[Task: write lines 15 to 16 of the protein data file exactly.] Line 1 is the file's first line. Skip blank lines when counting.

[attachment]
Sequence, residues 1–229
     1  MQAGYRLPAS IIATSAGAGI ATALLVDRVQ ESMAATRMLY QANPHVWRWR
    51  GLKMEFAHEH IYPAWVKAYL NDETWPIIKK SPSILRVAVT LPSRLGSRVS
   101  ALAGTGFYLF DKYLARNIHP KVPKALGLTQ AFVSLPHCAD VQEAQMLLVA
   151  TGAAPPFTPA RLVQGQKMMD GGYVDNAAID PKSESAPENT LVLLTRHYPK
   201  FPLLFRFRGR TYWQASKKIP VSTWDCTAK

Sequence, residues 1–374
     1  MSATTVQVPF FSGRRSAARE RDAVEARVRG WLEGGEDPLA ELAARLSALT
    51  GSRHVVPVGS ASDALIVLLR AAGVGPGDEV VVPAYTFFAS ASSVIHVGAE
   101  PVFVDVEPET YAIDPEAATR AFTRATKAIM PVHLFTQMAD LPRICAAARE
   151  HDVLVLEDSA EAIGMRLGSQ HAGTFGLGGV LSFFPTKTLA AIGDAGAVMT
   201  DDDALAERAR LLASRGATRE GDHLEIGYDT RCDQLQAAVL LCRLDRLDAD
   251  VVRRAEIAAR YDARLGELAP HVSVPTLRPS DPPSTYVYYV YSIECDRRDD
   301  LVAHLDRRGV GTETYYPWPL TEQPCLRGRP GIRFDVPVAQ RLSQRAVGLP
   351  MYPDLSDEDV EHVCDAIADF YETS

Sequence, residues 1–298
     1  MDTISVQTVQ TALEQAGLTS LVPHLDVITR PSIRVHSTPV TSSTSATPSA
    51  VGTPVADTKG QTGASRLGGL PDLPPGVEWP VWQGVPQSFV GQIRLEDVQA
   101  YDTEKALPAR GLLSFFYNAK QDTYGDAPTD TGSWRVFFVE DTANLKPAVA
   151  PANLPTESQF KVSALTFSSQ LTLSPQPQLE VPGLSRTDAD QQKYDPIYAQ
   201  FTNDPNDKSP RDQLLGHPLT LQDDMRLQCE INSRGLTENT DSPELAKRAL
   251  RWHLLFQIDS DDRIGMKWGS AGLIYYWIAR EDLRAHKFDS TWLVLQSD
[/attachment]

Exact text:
   351  MYPDLSDEDV EHVCDAIADF YETS

Sequence, residues 1–298